As a senior, I have had plenty of experience dealing with both Department of Public Safety and the Ann Arbor Police Department. I must admit, they both have relatively exceptional crews and I have little to complain about individual officers. What I will complain about, however, are the unnecessary exploitations that the AAPD subjects students to — mandatory MIP’s for “Good Samaritans”, trash tickets and noise violations (Students, faculty promise cooperation to solve campus problems, 09/15/2009).
As students we have all probably been in situations when we were faced with an ultimatum: slap our unconscious, vomit-choked friend awake and off of Markley’s community bathroom floor or calling DPS and suffering the consequences of saving a friend’s life. It’s a terribly scary situation for an 18-year old kid. I think the “Good Samaritan” clause should be passed unanimously in order to keep that 18-year-old, scared-shitless kid from making a life-or-death decision.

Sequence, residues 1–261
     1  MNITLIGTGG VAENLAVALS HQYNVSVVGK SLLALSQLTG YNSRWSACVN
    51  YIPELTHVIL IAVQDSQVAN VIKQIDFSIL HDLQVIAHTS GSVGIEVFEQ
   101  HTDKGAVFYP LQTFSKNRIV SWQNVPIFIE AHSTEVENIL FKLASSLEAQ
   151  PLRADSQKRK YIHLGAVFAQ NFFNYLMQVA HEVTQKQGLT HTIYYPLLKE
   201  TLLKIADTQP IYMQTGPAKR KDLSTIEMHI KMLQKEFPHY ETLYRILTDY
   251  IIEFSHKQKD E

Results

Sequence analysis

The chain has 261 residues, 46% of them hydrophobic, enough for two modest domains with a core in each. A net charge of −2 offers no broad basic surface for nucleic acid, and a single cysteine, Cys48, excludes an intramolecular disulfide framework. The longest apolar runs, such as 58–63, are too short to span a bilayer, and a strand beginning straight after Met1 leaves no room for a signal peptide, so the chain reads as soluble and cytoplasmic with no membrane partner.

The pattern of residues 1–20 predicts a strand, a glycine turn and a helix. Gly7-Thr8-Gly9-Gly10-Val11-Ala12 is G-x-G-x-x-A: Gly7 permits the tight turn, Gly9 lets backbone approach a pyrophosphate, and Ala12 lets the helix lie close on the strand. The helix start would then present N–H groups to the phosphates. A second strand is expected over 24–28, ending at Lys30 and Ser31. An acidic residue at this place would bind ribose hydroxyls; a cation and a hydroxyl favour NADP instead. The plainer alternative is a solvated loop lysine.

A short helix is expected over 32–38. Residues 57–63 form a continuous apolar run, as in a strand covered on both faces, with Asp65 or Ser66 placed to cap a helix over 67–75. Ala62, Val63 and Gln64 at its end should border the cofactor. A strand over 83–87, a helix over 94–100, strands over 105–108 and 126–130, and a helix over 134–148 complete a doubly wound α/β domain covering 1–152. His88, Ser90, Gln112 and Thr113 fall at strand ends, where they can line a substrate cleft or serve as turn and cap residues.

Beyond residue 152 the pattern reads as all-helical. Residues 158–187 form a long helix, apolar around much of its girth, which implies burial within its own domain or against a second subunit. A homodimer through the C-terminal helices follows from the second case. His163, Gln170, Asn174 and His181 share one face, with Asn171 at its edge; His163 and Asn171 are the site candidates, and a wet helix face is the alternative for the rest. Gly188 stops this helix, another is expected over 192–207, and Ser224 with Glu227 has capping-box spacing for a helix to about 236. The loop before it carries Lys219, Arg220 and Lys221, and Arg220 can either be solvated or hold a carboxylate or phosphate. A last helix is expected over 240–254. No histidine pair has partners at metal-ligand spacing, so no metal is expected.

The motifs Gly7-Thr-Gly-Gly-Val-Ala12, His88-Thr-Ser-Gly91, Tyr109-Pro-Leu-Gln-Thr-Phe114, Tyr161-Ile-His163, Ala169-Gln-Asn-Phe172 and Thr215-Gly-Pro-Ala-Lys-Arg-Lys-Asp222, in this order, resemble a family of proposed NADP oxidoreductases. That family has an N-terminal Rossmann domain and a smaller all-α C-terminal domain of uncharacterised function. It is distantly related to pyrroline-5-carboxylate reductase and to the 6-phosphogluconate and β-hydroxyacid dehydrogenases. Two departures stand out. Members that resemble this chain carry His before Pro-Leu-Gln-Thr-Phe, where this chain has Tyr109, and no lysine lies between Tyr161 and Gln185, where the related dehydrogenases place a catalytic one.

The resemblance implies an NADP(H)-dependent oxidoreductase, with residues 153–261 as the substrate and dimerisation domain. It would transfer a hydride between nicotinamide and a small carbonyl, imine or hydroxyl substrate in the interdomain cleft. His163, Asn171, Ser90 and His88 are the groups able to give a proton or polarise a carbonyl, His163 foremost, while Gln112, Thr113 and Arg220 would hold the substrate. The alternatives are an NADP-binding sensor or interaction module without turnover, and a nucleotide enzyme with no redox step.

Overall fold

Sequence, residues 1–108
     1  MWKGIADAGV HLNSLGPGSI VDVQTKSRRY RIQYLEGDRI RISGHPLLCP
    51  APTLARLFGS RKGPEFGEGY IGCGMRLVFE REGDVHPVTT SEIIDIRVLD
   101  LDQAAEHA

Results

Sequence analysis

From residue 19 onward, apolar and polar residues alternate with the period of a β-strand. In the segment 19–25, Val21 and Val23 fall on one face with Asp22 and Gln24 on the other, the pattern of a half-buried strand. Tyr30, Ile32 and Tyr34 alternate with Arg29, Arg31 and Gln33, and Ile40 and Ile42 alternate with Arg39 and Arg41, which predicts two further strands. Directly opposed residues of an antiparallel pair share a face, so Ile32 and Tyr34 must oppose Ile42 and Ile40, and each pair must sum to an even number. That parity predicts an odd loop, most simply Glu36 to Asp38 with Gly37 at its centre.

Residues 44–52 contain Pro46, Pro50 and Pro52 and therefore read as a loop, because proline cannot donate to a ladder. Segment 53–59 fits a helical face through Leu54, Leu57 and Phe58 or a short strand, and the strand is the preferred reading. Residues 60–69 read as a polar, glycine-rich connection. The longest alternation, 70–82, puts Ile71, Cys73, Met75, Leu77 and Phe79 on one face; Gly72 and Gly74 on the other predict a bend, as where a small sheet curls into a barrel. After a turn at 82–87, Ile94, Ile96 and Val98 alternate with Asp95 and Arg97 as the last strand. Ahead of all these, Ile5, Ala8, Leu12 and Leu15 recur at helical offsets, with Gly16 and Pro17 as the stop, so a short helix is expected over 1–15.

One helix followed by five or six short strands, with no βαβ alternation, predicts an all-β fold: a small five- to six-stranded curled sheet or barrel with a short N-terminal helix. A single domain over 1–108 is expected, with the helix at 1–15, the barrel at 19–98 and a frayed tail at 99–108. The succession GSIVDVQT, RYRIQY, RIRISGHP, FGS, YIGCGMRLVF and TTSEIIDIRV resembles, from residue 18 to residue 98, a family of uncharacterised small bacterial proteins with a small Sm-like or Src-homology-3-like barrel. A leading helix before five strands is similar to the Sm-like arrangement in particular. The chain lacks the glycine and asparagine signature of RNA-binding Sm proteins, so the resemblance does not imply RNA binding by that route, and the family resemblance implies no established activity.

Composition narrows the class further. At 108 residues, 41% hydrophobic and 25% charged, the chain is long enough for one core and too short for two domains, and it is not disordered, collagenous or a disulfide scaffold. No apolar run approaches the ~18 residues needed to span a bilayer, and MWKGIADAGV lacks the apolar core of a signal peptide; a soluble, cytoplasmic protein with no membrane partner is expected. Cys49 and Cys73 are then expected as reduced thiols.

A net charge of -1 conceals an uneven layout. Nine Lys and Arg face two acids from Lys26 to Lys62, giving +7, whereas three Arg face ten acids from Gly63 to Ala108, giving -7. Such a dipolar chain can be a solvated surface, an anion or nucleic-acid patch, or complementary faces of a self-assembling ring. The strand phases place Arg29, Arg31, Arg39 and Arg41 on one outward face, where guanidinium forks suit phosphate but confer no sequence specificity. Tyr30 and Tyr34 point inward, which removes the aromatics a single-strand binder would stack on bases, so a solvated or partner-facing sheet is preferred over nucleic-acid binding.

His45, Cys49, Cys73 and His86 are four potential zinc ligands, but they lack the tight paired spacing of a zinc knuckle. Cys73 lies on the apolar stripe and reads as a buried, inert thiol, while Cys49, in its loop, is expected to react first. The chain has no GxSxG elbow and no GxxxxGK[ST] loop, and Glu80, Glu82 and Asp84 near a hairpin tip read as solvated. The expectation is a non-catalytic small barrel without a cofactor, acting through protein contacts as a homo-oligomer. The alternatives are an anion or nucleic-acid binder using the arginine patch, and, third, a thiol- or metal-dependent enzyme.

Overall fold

Then there are trash tickets. I have been a victim of the ridiculous $530 fine for my first trash offense. This, however, had been my house’s third offense due to the tenants before me. Rather than ticket students, the AAPD tickets the residence, or landlord. The AAPD needs to figure out a system where the tenants are ticketed, not the landlord or the residence. That will put an end to the triple trash ticket.
A noise violation in Ann Arbor is a misdemeanor. Playing your music too loud after 10 p.m. lands you in the same courtroom as those who have committed crimes like theft, prostitution, minor assault, disorderly conduct, trespassing, vandalism, drug possession and MIP/DUI offenses to name a few. I have been exploited by the AAPD because of bogus legislature that’s in place to reduce officers’ workloads. Don’t expect a preliminary warning either, unless you are a known campus character or athlete. If you don’t want a misdemeanor clinging to your background check for the rest of your life, you better end the party at 10 p.m.
I’m glad that the Michigan Student Assembly and faculty are pairing up to knock out some of these injustices. There is nothing more frustrating than sitting in the 15th Judicial District Court to face humiliation because you got a little loud at a party, missed a few cups in your yard or called DPS to save your friend’s life.